“20th Century Harp Sonatas” = PIERICK HOUDY: Sonate pour Harpe; ALFREDO CASELLA: Sonata per Arpa, Op. 68; NICOLAS FLAGELLO: Sonata for Harp; PAUL HINDEMITH: Sonate für Harfe; GERMAINE TAILLEFERRE: Sonate pour Harpe – Sarah Schuster Ericsson, harp – Dorian Sono Luminus DSL-92106 [Distr. by Naxos], 68:56 ****1/2:
Harp recitals and recordings all too often feature a collection of salon pieces and/or short works for piano or some other instrument in transcription. Sarah Schuster Ericsson dares to be different here, offering instead substantial works from the heart of the twentieth-century harp repertoire. It seems like a breath of fresh air, though you will still probably want to take these pieces one or two at time. I don’t recommend sitting down to the whole program at once, but listening to contrasted pairs, such as Hindemith and Tailleferre or Houdy and Casella, is enjoyable indeed.
Of the five works on the bill of fare, my favorite is the Hindemith. This composer wrote sonatas for just about every instrument you can think of and got around to penning his Harp Sonata in Switzerland, just before immigrating to America on the eve of World War II. Like Casella, Hindemith had entered his final, neoclassical period, but both their works wear their classicism lightly. Hindemith stands the typical sonata format on its head, flanking a fast and lively middle movement with two more introspective ones, the first characterized by piquant dissonances and chord progressions. The somber last movement is based on a poem about a harpist whose last wish is to have his harp placed behind the church altar, where it miraculously plays of its own accord each sundown. Like most tone poems, you couldn’t tell all of this without a program, but the last movement is nonetheless evocative.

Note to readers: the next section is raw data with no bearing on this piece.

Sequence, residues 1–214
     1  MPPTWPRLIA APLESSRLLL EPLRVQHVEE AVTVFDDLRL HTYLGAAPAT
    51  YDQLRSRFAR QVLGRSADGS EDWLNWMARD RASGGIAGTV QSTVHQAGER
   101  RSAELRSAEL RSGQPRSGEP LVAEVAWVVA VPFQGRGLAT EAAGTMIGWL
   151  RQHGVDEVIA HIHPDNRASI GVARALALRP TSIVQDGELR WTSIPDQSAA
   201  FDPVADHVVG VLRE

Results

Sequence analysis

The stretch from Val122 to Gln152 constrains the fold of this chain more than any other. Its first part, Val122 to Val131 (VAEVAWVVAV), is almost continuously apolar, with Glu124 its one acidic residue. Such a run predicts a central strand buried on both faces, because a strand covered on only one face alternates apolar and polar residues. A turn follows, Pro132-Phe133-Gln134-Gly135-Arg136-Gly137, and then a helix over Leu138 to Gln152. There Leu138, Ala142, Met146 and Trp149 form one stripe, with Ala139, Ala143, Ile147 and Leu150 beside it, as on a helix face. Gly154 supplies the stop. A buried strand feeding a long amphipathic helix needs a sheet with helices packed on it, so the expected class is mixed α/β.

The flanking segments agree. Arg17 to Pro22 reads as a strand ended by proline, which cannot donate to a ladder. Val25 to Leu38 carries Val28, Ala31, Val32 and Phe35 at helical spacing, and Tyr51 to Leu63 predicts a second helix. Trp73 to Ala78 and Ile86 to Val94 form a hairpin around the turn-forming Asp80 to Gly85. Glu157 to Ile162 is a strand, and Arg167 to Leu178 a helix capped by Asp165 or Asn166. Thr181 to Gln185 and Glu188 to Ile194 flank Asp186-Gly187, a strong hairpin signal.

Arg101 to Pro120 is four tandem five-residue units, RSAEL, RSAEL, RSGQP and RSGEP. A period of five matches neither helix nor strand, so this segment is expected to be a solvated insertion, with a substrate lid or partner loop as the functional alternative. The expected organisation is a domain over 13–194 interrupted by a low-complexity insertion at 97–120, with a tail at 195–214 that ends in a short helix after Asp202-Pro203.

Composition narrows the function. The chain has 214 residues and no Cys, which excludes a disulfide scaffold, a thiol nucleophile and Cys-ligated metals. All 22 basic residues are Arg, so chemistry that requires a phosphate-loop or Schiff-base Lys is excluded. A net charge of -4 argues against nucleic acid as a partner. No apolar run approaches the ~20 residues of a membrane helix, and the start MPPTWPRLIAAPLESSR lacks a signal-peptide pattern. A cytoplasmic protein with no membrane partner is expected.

Casella wrote his lengthy Sonata for the same Italian harp virtuoso, Ciecilia Gatti-Aldrovandi, at the height of the war in 1943, and it seems to be tinged with the melancholy that Casella felt as the conflict dragged on and his health declined. Even the lively outer movements have a kind of hazy autumnal glow about them.
On the other hand, Tailleferre’s ten-minute Sonata is virtually unclouded, with a march-like first movement, a perpetuum mobile finale, and a Lento middle movement that sounds like a troubadour’s song, complete with strummed accompaniment.
Nicolas Flagello’s Sonata is in some ways the most surprising. The first movement is in his typically fluid neoromantic style, but the last two sound more French than American. The second movement reminds me of Satie’s dreamy Gymnopédies, while the last is an agile dance with wide-open chords that sound like Copland channeling Debussy and Ravel.
Though it’s said to be a crowd pleaser, Pierick Houdy’s Sonata is the least interesting to me. The outer movements sound merely busy and somewhat empty, but even here all is not lost: the central Lento has a lovely simplicity about it, with its bell-like chords and slowly expanding musical argument.
Harpist Sarah Ericsson has sterling credentials: she studied with the great Alice Chalifoux, played with the Baltimore and Boston Symphonies, then embarked on a solo performing and recording career that has netted her a Grammy nomination. On the evidence of the current disc, there is nothing she can’t do superlatively well. Her technique is unimpeachable, and she produces a strong firm tone that’s an absolute necessity in the big works she essays here. The recording, made at George Lucas’s Skywalker Sound in Marin County, is up to Dorian’s usual high standards. Strongly recommended, even to those who normally shy away from harp recitals; it’s that good.
— Lee Passarella